Shell Plc (SHEL): On The Right Track

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Shell Recharge (Electric Vehicle Charging)

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Shell logo

Shell logo (Shell)

Investment thesis

In my previous article from 10 December 2021 on Shell (SHEL) titled “Shell 2030 Transition To Low-Carbon Producer”, my goal was to share with the community what I think the company is going to look like in terms of the mix of business and where their focus would be. The transformation is well underway.

With Shell now no longer being a royal Dutch company and having merged the A and B shares into just one class of shares, it is a good time to look at their financials for the year, after their recent announcement of the fourth-quarter results. Shareholders want to know how this transformation will affect the return on their investment.

Fourth Quarter and FY 2021

We will start by checking some of the quarterly items we previously said we would like to monitor, and then go on to the financials on a year-to-year basis.

It was particularly the Integrated Gas division that did poorly in Q3 of last year. It recorded a loss of USD 3.3 billion. Some of which were attributed to supply difficulties from third parties but mostly a result of derivatives trading. Fortunately, in Q4 this swung to a profit of USD 6.6 billion. But what matters most is cash flow from operation and not earnings. Here Q4 delivered only USD 1.2 billion against USD 5.7 billion in Q3.

The spot price for natural gas was at USD 3.80 two months back when I wrote the last article on Shell, but there has been plenty of volatility since then.

Gas Price

Gas price (Tradeeconomics.com)

Shell reported realized average price of USD 8.88 in Q4 for natural gas and USD 5.61 for the full year.

Cash flow from operation was up 22% from Q3 to Q4 to USD 7.1 billion. Production volume was in line with the previous quarter.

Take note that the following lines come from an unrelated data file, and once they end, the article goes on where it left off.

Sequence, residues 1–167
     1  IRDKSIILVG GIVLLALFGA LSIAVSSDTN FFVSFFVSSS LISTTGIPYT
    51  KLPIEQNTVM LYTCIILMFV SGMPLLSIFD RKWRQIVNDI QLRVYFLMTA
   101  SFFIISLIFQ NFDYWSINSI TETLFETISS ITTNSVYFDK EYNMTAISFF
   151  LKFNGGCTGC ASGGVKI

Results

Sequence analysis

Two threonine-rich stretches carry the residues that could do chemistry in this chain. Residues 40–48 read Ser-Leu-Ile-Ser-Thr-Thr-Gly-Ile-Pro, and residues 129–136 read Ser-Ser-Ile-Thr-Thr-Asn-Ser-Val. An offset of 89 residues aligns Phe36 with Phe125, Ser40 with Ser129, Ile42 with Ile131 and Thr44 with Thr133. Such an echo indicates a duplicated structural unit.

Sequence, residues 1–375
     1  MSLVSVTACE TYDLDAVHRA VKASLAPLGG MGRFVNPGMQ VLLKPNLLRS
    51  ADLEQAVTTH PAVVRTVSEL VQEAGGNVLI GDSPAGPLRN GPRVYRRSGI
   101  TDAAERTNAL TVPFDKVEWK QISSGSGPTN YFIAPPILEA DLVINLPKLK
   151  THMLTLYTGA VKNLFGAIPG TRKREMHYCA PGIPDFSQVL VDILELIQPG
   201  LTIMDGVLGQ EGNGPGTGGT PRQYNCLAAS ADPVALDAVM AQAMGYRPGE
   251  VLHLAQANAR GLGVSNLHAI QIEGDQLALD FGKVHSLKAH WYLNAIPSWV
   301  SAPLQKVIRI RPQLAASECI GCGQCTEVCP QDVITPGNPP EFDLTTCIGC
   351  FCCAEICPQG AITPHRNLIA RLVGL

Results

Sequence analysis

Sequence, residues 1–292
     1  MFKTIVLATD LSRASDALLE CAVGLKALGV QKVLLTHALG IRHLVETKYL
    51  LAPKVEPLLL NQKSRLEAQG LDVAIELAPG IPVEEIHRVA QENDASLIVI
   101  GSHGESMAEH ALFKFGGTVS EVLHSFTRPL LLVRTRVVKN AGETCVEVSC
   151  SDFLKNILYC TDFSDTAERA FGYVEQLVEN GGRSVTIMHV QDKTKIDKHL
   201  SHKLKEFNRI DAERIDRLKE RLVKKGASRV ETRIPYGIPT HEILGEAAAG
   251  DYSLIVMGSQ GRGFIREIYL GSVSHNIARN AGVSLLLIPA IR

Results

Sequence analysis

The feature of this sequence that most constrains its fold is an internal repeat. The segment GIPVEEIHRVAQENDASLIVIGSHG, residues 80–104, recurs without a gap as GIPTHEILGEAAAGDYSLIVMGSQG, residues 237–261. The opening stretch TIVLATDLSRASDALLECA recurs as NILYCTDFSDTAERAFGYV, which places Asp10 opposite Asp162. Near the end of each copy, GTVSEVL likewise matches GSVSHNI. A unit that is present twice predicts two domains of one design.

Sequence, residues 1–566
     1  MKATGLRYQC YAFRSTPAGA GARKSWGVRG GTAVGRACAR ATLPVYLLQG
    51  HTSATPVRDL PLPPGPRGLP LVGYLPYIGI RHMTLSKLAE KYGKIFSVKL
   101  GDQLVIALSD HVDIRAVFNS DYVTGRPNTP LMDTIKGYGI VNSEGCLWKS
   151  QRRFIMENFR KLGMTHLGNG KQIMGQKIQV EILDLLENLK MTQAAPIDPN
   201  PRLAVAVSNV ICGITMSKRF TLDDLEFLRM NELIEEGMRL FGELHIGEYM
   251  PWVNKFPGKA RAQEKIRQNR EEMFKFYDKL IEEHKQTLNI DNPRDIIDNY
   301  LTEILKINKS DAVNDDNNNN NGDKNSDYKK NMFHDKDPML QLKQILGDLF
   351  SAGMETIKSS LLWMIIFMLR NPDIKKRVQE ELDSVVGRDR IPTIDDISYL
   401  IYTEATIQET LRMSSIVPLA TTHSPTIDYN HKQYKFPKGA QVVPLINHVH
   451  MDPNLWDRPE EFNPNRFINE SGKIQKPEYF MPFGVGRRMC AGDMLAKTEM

Shell’s proven reserve position at the end of 2021 was slightly higher at 9.4-billion-barrel oil equivalent compared to 9.1 billion at the end of 2020. Based on current production and with no changes to their reserves, it will last for another 7.6 years.

Brent Crude Oil Price

Brent Crude Oil Price (Tradeeconomics.com)

Spot Brent crude spiked in Q4 and is now above USD 90 per barrel.

Shell reported realized average price of USD 73.40 in Q4 for liquids and USD 64.56 for the full year.

Here they delivered a negative cash flow of 721 million compared to a positive cash flow of USD 2.4 billion in Q3. This was explained as negative working capital movements and timing of payments of emissions certificates and US Biofuel programs. They reported higher operating expenses, lower retail margins, lower contributions from trading and optimization, and unfavorable deferred tax movements. Their trading and retail division has traditionally done well, so this is most likely because more payments come due in Q4.

This division suffered from lower chemical margins. It lowered cash flow from operation from USD 840 million in Q3 to just USD 383 million in Q4.

Year-to-year basis

On a year-to-year basis, the free cash flow from operation nearly doubled from USD 20.8 billion to USD 40.3 billion. That is impressive. At the same time, net debt was reduced from USD 75.4 billion at the end of 2020 to USD 52.6 billion at the end of 2021. That translates to a gearing ratio of a very healthy 23.1%

  • Returning Capital to Shareholders

Much has been said about the dividend, as it did take a large cut in 2019.

Anyway, the past is the past. This year on a per-share basis, the dividend did increase 37% from USD 0.653 to USD 0.894, and the management are sticking to their plan of gradually increasing the dividend by 4% per year.

In addition, they will return capital to shareholders in the form of share buyback. Shell plans to buy back shares for USD $ 8.5 billion for the first half of 2022 subject to market conditions.